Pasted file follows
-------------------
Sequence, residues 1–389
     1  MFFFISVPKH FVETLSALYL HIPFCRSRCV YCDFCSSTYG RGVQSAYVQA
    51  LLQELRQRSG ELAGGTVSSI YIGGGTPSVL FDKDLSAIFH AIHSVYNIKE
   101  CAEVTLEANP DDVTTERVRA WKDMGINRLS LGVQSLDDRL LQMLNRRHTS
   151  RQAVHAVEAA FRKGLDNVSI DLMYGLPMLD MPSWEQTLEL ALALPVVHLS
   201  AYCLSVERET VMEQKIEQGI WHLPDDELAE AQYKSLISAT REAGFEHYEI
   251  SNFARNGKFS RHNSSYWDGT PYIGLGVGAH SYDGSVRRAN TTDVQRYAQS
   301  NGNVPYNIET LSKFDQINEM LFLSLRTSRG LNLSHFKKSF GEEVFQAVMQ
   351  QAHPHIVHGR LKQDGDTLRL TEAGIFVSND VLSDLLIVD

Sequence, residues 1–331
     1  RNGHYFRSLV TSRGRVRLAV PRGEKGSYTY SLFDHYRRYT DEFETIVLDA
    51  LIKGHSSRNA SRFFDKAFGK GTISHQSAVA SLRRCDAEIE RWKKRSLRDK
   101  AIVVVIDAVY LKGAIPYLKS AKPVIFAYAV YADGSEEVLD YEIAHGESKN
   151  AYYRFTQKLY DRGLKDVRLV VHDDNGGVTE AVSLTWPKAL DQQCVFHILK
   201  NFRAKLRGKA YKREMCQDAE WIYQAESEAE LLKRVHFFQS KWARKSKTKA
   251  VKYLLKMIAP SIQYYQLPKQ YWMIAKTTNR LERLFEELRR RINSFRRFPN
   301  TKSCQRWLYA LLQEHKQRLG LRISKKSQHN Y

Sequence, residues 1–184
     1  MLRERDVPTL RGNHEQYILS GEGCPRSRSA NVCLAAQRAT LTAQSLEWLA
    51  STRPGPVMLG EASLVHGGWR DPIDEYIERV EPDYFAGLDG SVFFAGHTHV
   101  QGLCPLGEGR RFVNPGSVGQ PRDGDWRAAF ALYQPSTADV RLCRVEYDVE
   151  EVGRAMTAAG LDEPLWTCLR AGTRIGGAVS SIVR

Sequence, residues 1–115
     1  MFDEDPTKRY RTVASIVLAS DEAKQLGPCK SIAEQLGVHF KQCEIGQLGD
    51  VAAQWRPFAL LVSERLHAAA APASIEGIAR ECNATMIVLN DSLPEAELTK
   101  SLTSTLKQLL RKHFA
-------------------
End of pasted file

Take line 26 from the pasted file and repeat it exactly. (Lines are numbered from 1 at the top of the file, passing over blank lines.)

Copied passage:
   101  SLTSTLKQLL RKHFA